(Not so) QuickCritique: What Makes you Beautiful

It’s been pretty dark over here, so I thought I’d lighten things up with a quick critique of One Direction’s “What Makes you Beautiful.” This song by One Direction has been praised by many of my girlfriends for how ‘positive’ and ‘sweet’ it is. But if I’m honest, something has always bugged me about this song, and I thought a little critical analysis could tell me why. Let’s break it down verse by verse:

What's in my makeup bag

What’s in my makeup bag (Photo credit: lo83)

Verse 1

You’re insecure,

Don’t know what for,

You’re turning heads when you walk through the door.

Don’t need makeup

to cover up.

Being the way that you are is enough.

We’re off to a good start. The singer (Liam Payne in this case) is telling someone (presumably a woman) that she is naturally attractive. Some people might criticize this verse for belittling the woman’s feelings or failing to challenge the idea that only particular women are attractive enough to leave home without applying commercial beauty products, but I think that’s a bit of a reach. So far, so good.

Harry brings us to the bridge:

Everyone else in the room can see it,

Everyone else but you.

Behold the appeal to the public opinion. I’m going to skip to the next verse and save the chorus for last.

Verse 2

So c-come on.

You got it wrong.

To prove I’m right I put it in a song.

I don’t know why

you’re being shy

And turn away when I look into your eye-eye-eyes.

This verse contains the obligatory meta-lyric. It’s very pop, and somewhat humorously informs the listener that the singer (literally Zayn Malik, but more accurately the narrator) hasn’t considered the possibility that this head-turning, hair-flipping beauty simply isn’t into him, and is actually ignoring his attentions. There are some standard “na-na-na”s and more bridging before we reach the chorus.

Chorus

Baby you light up my world like nobody else,

The way that you flip your hair gets me overwhelmed,

But when you smile at the ground it ain’t hard to tell

you don’t know, you don’t know you’re beautiful.

Translation: I’m infatuated by your appearance but you don’t seem to realize that you are generally perceived to be more attractive than average. 

If only you saw what I can see

you’d understand why I want you so desperately.

Right now I’m looking at you and I can’t believe

you don’t know, oh-oh,

You don’t know you’re beautiful.

Translation: Look in a mirror, that’s why I’m hot for you.

Oh, oh-oh.

That’s what makes you beautiful.

This, right here, is my problem with the song. This line seems to belie the entire original intent of the lyrics. Instead of coaxing a girl out of insecurity, this line suggests that it is her insecurity which makes her attractive. It discourages confidence and empowerment by suggesting that it is largely the bashful, insecure nature of a woman that makes her desirable. In short, it romanticizes insecurity as a feminine and ‘beautiful’ trait. If this same woman were to suddenly acknowledge her own beauty, recognize her assets, and carry herself confidently, would the men of One Direction still find her worth writing about?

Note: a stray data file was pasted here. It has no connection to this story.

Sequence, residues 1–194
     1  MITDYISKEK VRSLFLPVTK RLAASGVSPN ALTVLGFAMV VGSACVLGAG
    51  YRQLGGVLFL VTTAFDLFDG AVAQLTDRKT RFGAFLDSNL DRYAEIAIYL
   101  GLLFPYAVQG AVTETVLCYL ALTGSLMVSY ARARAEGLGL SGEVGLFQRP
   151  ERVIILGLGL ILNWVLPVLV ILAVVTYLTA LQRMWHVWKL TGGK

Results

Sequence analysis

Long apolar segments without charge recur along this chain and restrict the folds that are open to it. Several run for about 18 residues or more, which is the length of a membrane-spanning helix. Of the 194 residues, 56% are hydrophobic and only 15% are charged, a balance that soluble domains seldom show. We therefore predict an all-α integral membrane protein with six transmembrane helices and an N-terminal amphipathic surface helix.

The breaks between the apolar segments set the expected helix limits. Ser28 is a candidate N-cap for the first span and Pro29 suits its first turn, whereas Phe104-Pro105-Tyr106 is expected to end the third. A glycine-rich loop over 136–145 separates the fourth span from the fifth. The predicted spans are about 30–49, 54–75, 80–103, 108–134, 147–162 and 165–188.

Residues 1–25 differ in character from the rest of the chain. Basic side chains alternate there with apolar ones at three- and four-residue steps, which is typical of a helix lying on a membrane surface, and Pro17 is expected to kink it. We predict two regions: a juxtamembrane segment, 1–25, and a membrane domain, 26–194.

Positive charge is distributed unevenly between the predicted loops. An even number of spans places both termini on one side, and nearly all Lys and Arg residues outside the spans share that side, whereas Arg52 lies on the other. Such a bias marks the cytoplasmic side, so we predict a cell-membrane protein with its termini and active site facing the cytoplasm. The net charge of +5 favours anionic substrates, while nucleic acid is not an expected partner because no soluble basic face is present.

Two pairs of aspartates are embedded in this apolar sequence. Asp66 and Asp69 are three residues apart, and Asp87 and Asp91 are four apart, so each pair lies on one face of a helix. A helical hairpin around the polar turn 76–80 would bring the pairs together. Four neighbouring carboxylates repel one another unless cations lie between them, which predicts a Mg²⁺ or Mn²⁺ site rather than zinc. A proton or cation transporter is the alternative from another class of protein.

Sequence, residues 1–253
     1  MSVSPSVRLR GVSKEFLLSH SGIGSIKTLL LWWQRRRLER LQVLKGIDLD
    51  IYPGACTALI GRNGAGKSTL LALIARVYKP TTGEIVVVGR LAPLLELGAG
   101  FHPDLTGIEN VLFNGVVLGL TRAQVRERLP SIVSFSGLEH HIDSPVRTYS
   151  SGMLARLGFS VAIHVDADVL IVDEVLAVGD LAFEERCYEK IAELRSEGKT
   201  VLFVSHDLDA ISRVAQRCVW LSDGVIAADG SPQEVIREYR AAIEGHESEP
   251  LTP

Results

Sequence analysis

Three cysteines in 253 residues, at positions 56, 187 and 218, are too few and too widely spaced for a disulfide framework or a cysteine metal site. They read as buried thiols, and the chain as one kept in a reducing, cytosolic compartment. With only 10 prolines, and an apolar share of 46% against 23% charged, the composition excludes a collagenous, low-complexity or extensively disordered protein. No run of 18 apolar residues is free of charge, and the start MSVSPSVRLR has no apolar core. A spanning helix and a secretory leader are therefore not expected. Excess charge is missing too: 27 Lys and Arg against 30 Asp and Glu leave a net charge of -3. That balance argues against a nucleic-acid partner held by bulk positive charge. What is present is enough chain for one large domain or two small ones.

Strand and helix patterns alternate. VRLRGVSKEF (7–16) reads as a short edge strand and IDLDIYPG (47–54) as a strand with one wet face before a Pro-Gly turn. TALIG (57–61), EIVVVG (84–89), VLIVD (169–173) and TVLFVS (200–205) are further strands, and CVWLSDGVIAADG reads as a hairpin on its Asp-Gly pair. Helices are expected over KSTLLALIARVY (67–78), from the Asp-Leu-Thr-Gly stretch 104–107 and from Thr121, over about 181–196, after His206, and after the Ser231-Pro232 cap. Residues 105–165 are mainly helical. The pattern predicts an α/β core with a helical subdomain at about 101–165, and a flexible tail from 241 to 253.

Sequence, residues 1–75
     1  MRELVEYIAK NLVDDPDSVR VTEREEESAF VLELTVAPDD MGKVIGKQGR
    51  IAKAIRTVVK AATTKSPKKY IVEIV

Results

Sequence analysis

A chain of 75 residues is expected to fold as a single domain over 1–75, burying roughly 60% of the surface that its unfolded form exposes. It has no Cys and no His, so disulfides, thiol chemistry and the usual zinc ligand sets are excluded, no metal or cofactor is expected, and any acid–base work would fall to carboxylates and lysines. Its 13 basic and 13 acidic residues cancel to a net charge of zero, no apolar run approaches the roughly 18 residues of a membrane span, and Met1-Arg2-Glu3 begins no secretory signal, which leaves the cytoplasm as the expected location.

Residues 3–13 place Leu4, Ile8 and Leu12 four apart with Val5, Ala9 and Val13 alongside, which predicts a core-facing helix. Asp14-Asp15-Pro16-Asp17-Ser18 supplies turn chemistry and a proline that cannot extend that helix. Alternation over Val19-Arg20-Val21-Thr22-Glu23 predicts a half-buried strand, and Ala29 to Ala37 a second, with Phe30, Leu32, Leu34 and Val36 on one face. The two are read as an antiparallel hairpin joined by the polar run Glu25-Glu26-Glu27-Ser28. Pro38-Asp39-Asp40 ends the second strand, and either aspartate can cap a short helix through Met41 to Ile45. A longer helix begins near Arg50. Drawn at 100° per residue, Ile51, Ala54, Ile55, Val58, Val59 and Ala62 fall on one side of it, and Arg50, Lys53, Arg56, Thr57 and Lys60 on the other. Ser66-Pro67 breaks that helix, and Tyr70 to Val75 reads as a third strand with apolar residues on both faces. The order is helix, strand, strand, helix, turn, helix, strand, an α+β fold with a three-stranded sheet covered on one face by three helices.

English: Female cosmetics use.

Female cosmetics use. (Photo credit: Wikipedia)

When I attended high school I knew many girls who were insecure about their appearance (I was one of them). I also knew a few girls who pretended to be more insecure than they were (the emotional version of ‘playing dumb’). They did this because beautiful girls who carried themselves confidently were often written off as bitchy, stuck-up, or stupid (not the soft ignorance of a pretty girl, but the shallow idiocy we assign to anyone who has the motivation to achieve a version of the body we covet). Pretending to be more insecure than they were provided beautiful girls with the social cover they needed to make the most of their appearance without being dismissed as shallow or conceited.

It’s another version of Mary versus Eve. One Direction’s nod to Mary is subtle, but it contributes to a prevalent cultural trope: Woman are often portrayed as either the bashful virgin–the Madonna who embraces unworthiness, or the confident reacher and painted whore. The Eve/Mary dichotomy (also known as the virgin/whore dichotomy) is harmful because it encourages an affectation of two natures–a sort of Dissociative Identity Disorder which divorces self-awareness, sexual awareness, and confidence, from humility, tenderness, and faithfulness. In reality all of these are blended in every healthy woman.

One Direction probably wasn’t thinking of literary/cultural tropes when they wrote “What Makes You Beautiful,” so I want to avoid sweeping generalizations about how this band relates to women. We might, however, reconsider supporting ‘WMYB’ (and other 1D songs) monetarily.  Before we write them off as ‘harmless,’ let’s consider that the primary listening demographics of One Direction are junior high and high school age girls.

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